Introducing Katie Faulkner, FAIA

Katie Faulkner, FAIA, recently joined Katerra as vice president of architecture. Katie is an award-winning architect with more than 25 years of experience in residential, academic, institutional, and health-care projects. Before Katerra, she was a founding principal and president of NADAAA, overseeing firm operations as managing partner, leading design on select projects, and expanding the firm’s fabrication portfolio with the launch of NADLab. We sat down with Katie to learn about her new role and why she is excited to be part of Katerra.


Katie Faulker, FAIA

What is your role at Katerra?

I am part of the Business Development team working with Craig Curtis, Katerra’s Chief Architect. My role is a mix of design, sales support, and project management. I explore opportunities for design-assist on mass timber projects as well as promote our capabilities with cross-laminated timber (CLT).  Recently I’ve had the opportunity to learn from some of the platform teams, better understanding how we can deploy CLT across different markets.  Many of my past projects have been in higher education, and I am looking to strengthen Katerra’s prospects on university campuses.  

Why did you choose to join Katerra?

I was attracted to Katerra’s vision. There are persistent challenges in the AEC industry that many people – me included – wish to confront, such as the inabilities to accurately price projects in advance, provide beautiful affordable housing, and build sustainably. As a vertically integrated company, Katerra offers the possibility to tackle all of these issues, and in doing so, bring solutions to the market that can benefit the broader industry.

“There are persistent challenges in the AEC industry that many people – me included – wish to confront, such as the inabilities to accurately price projects in advance, provide beautiful affordable housing, and build sustainably.”

What is your design philosophy?

I believe buildings should express a tectonic logic–creating a connection between a building’s form and its intended use. I find mass timber to be fascinating because it is a material that naturally lends itself to tectonic expression in design. An example is the Catalyst. A superbly designed building, it will be flexible for its intended purpose (education and business), while also being appropriately representative of the Pacific Northwest context (built out of Katerra’s CLT) where it resides. A less obvious example of tectonic logic may be the Seattle Public Library. It’s on my mind since I recently returned to Seattle. When I look at it, I see a section responding to both a steep urban site and the necessity of weaving civic spaces through towers of books. It is a building that could not exist anywhere else. The latticed exterior seems complex but is easier to understand on the interior. While these buildings–Catalyst and the Library–have little in common, one can comprehend each immediately upon stepping inside.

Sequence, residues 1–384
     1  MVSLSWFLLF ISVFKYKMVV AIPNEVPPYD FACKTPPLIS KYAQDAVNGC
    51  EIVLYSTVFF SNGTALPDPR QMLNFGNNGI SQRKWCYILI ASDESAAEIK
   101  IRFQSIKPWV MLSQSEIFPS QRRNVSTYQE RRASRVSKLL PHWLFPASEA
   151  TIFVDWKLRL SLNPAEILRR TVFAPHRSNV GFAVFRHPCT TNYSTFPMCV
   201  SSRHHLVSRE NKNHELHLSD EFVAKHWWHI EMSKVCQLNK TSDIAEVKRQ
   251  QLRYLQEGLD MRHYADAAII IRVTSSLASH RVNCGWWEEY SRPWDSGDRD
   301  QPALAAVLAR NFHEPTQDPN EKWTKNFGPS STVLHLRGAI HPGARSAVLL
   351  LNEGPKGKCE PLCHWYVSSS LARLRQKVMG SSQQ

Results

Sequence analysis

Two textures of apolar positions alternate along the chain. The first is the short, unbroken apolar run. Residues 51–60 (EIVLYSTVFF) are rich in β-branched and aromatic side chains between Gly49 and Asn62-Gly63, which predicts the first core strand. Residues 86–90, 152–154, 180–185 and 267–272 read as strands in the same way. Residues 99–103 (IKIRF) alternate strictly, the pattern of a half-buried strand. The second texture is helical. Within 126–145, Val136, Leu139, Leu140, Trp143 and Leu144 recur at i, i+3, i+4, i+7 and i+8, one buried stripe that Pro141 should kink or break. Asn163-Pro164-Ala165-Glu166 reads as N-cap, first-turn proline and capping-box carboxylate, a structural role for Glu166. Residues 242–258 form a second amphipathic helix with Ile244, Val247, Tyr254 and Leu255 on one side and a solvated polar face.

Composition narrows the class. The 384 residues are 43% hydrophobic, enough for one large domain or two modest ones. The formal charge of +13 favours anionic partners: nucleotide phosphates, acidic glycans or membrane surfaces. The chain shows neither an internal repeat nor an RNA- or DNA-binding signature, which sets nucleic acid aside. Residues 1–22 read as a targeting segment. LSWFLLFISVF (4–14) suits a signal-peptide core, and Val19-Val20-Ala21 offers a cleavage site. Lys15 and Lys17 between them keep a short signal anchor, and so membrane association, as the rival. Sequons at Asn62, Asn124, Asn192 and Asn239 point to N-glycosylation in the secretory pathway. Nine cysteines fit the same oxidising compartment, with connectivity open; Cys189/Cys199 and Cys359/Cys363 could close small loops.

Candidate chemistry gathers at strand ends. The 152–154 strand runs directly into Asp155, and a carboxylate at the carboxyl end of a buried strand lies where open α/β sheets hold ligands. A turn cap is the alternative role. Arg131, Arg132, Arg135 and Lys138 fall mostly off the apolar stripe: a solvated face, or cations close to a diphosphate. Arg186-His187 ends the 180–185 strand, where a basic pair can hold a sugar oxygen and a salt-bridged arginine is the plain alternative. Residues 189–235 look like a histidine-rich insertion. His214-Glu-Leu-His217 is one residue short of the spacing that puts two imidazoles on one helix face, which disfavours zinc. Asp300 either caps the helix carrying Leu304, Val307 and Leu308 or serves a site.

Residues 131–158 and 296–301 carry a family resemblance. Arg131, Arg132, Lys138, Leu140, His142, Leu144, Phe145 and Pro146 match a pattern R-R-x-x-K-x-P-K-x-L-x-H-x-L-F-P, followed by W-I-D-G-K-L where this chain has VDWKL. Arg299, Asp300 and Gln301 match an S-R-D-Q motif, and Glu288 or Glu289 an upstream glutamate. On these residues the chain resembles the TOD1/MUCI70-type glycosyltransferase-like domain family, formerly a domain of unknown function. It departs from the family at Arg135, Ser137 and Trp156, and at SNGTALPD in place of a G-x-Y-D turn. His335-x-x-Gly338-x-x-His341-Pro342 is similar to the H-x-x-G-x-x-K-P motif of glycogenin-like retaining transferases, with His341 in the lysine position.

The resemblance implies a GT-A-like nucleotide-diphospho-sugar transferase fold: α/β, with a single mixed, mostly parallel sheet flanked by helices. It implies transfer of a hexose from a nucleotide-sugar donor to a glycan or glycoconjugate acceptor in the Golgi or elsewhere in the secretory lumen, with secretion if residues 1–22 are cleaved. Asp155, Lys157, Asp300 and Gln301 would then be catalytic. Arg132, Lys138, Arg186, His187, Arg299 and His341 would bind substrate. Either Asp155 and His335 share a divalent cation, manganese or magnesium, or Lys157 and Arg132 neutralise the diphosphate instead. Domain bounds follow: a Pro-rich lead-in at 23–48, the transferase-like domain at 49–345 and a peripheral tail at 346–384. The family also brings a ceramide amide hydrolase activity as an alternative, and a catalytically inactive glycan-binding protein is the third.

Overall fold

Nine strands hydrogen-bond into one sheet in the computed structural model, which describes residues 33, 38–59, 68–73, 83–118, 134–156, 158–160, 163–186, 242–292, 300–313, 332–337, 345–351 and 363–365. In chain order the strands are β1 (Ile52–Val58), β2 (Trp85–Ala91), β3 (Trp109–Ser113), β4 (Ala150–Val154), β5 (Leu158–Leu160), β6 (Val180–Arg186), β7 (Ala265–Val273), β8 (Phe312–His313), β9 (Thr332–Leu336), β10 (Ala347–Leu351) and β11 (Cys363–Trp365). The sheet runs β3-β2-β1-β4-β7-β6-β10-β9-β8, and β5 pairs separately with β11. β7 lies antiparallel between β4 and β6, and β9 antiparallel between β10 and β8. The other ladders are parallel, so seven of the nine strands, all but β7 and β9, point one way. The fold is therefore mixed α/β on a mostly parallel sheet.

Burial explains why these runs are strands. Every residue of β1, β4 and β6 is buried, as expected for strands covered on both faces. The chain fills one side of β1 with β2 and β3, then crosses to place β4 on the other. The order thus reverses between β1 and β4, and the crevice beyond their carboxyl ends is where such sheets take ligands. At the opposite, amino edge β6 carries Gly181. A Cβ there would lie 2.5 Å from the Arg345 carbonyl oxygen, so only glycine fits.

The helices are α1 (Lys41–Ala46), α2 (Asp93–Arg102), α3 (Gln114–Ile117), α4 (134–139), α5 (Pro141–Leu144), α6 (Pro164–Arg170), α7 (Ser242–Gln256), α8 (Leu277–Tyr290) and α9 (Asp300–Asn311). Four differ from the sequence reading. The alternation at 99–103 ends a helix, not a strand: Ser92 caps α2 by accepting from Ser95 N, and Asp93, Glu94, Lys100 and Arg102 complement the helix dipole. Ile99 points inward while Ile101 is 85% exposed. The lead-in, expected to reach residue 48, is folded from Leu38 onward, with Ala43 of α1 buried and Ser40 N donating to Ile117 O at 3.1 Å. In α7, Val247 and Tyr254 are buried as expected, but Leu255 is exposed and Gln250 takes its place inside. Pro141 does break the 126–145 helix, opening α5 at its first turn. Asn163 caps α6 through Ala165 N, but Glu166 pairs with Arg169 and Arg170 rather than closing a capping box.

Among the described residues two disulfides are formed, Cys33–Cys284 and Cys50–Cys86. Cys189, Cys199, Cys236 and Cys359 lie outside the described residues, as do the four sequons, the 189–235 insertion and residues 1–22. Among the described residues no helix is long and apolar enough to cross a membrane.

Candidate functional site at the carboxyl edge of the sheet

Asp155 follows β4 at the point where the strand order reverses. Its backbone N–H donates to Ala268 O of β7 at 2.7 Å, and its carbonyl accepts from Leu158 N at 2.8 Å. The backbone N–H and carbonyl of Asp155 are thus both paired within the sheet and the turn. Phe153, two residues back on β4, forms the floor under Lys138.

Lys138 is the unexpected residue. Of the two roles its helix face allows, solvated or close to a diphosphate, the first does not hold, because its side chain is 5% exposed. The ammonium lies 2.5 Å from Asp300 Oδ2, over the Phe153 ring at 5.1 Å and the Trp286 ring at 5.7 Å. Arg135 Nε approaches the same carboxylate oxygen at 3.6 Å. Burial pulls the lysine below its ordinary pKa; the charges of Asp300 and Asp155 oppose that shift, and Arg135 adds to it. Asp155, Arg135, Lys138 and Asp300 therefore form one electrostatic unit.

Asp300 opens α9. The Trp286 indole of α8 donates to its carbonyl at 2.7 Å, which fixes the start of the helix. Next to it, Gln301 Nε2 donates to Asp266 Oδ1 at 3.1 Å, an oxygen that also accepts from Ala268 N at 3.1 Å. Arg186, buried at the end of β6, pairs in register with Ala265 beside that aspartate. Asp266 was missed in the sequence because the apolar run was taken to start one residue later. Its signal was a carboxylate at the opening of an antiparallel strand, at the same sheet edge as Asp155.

What are you enjoying the most at Katerra so far?

Lately, I am re-thinking a design process that aligns with manufacturing. I have been continually impressed with the talent and breadth of experience of my Katerra colleagues. I am working with such a smart, cross-disciplined group of people who have a shared commitment to effecting change in this industry. It is not every day you can sit at the table with construction, design, engineering, technology, and manufacturing to advance productivity and sustainability in the built environment. I am on a team that is using CATIA–a 3D software with direct functionality among design, engineering, and manufacture–to refine costing and coordination. Our structural team has optimized the grid for our CLT production; the unit team is debating the design while construction considers all systems. These conversations are happening all over the company – I am not sure any other construction company can claim that.

“It is not every day you can sit at the table with construction, design, engineering, technology, and manufacturing to advance productivity and sustainability in the built environment.”

What is the most impactful way technology can help to improve the industry?

Technology can help reduce the complexities of the construction industry by offering efficiency and reducing waste. There is the added benefit of controlling quality and cost, but ultimately, we are looking for tools to drive a sea change in the ways our industry impacts an ecosystem. Buildings are integral to our social fabric, whether we are making new ones or updating the ones we’ve got. However, most construction, and by association design, has a net harmful effect on the environment. Offsite manufacturing, improved delivery, and mass timber are three ways Katerra stands to leverage technology to drastically improve the industry. At this point, nothing short of drastic improvement is an acceptable goal.

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